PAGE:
After a period of retooling while in the “overpromise and underdeliver” penalty box, 2013 and 2014 have been Amyris’ first years with operations truly in commercial mode, and the outlook for the rest of 2014 (and beyond) is encouraging. There is visible commercialization progress, but the top line’s reliance (for now) on partner-based R&D revenue makes quarterly results very choppy. We maintain our Market Perform rating.
* Brotas: steady as she goes. The 50 million liter Brotas plant in Brazil made its first farnesene shipment over a year ago and is back online (following its 1Q downtime). Recall, as of last November, the initial 2014 target has been for product sales to at least double – likely conservative after last year’s shortfall. This target remains in place, and our current “guesstimate” for product sales is $38 million for 2014, up ~2.5x.
* $3.50/gal diesel: intriguing target, but we’ll believe it when we see it. It is on the Total front that the most interesting revelations came out of yesterday’s call. Amyris is working on a framework for producing renewable diesel in Europe – as part of the fuels JV with Total – with a long-term target cost of $1.00/liter, or $3.50/gallon. The feedstock is… to be disclosed later, so we can’t help but feel some skepticism. The working assumption is that the first large diesel plant will start up in 2017, with two or three by decade’s end. If true, this would solidify Total’s status as one of the most active strategics in bioindustrials.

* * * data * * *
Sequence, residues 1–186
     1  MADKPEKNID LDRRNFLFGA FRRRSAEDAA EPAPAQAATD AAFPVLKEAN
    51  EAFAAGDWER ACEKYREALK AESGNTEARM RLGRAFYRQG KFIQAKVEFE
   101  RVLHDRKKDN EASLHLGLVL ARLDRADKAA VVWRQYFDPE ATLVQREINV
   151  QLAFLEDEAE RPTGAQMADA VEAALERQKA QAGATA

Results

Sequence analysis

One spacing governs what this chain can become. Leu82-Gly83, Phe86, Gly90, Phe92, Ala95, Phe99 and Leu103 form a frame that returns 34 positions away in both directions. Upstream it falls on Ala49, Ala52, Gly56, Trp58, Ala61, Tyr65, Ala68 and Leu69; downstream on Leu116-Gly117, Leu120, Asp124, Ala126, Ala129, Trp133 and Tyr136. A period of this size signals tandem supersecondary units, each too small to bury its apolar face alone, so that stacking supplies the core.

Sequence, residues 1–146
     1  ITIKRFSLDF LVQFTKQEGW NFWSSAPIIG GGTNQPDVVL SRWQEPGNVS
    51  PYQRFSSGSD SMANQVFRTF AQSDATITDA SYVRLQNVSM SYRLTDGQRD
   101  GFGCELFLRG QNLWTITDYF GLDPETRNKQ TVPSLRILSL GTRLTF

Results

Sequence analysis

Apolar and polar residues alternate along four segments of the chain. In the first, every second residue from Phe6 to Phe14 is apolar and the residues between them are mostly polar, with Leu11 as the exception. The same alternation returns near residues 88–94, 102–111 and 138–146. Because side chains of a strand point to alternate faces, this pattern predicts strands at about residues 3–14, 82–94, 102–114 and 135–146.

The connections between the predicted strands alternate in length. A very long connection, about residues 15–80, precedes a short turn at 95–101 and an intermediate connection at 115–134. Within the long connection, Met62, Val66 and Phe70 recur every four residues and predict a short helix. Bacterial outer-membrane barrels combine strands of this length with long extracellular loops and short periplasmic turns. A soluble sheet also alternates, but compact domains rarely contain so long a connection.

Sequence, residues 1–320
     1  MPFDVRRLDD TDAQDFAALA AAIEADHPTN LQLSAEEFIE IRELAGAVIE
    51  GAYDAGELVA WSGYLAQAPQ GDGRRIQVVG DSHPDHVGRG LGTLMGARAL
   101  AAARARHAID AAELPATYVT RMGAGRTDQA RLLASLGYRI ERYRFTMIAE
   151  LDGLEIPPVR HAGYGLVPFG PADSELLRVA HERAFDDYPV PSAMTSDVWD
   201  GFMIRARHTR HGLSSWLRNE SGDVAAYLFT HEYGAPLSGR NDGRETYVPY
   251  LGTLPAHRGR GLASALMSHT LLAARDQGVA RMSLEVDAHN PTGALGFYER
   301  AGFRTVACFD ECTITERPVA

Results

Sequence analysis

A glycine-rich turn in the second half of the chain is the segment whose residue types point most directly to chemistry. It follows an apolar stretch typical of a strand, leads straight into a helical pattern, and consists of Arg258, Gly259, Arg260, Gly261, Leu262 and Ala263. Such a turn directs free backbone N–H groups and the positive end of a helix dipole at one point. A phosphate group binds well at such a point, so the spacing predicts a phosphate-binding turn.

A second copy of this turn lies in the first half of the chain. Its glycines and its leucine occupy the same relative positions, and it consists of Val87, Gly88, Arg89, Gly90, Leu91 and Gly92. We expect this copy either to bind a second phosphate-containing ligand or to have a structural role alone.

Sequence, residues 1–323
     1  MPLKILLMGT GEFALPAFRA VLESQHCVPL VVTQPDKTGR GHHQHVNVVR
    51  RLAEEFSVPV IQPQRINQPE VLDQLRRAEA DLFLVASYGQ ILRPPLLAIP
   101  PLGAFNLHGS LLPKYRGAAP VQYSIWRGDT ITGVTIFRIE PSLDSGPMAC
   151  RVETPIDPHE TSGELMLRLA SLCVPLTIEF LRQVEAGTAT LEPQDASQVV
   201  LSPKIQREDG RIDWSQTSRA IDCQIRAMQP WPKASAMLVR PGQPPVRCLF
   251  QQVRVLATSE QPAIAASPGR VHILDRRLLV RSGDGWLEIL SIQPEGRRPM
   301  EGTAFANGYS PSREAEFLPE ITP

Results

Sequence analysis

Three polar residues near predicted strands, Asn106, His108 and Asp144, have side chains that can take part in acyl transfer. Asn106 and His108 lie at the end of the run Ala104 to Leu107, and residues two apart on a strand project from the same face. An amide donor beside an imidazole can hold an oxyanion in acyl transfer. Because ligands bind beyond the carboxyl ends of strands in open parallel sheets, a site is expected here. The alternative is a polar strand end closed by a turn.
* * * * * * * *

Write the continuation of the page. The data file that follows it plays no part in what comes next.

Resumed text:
Valuation. Consistent with peers, we apply a discounted cash flow approach to arrive at a DCF value of $2.90/share.
The Digest’s take
The analysts don’t see much upside in the stock for now a ramp-up in price over the past year has absorbed most of the short-term potential. It’s highly intriguing that the company is targeting $3.50 diesel with a Total/Amyris plant as soon as 2017. That’s big news, if it materializes but we would expect a move away from the spot Brazilian sugar market in order to facilitate this. Cellulosic sugars would be appropriate targets for anything sold in the aviation to avoid food vs fuel debates.
Jim Lane is editor and publisher of Biofuels Digest where this article was originally published. Biofuels Digest is the most widely read Biofuels daily read by 14,000+ organizations. Subscribe here.